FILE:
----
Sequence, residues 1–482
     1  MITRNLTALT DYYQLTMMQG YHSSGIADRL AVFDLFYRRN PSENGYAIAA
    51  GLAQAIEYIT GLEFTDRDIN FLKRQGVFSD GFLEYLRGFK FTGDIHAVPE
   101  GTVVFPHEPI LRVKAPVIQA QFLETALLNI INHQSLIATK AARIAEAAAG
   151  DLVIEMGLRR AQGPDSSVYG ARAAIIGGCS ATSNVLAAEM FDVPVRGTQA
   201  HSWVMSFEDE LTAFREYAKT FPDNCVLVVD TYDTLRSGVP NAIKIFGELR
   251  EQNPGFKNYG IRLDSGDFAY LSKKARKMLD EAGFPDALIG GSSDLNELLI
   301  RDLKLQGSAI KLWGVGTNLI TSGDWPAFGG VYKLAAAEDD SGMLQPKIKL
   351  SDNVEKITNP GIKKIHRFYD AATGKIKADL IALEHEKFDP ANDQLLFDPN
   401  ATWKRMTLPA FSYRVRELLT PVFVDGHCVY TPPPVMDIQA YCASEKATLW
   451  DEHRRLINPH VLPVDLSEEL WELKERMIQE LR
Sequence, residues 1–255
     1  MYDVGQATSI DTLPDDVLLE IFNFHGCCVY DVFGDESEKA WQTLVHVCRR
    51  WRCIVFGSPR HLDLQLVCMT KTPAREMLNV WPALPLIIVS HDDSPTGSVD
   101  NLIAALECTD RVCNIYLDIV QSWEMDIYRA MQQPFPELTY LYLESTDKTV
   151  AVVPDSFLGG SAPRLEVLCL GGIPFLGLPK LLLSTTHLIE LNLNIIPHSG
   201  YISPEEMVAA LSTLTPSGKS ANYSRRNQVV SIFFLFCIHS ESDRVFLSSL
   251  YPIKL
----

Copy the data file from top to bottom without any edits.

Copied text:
Sequence, residues 1–482
     1  MITRNLTALT DYYQLTMMQG YHSSGIADRL AVFDLFYRRN PSENGYAIAA
    51  GLAQAIEYIT GLEFTDRDIN FLKRQGVFSD GFLEYLRGFK FTGDIHAVPE
   101  GTVVFPHEPI LRVKAPVIQA QFLETALLNI INHQSLIATK AARIAEAAAG
   151  DLVIEMGLRR AQGPDSSVYG ARAAIIGGCS ATSNVLAAEM FDVPVRGTQA
   201  HSWVMSFEDE LTAFREYAKT FPDNCVLVVD TYDTLRSGVP NAIKIFGELR
   251  EQNPGFKNYG IRLDSGDFAY LSKKARKMLD EAGFPDALIG GSSDLNELLI
   301  RDLKLQGSAI KLWGVGTNLI TSGDWPAFGG VYKLAAAEDD SGMLQPKIKL
   351  SDNVEKITNP GIKKIHRFYD AATGKIKADL IALEHEKFDP ANDQLLFDPN
   401  ATWKRMTLPA FSYRVRELLT PVFVDGHCVY TPPPVMDIQA YCASEKATLW
   451  DEHRRLINPH VLPVDLSEEL WELKERMIQE LR
Sequence, residues 1–255
     1  MYDVGQATSI DTLPDDVLLE IFNFHGCCVY DVFGDESEKA WQTLVHVCRR
    51  WRCIVFGSPR HLDLQLVCMT KTPAREMLNV WPALPLIIVS HDDSPTGSVD
   101  NLIAALECTD RVCNIYLDIV QSWEMDIYRA MQQPFPELTY LYLESTDKTV
   151  AVVPDSFLGG SAPRLEVLCL GGIPFLGLPK LLLSTTHLIE LNLNIIPHSG
   201  YISPEEMVAA LSTLTPSGKS ANYSRRNQVV SIFFLFCIHS ESDRVFLSSL
   251  YPIKL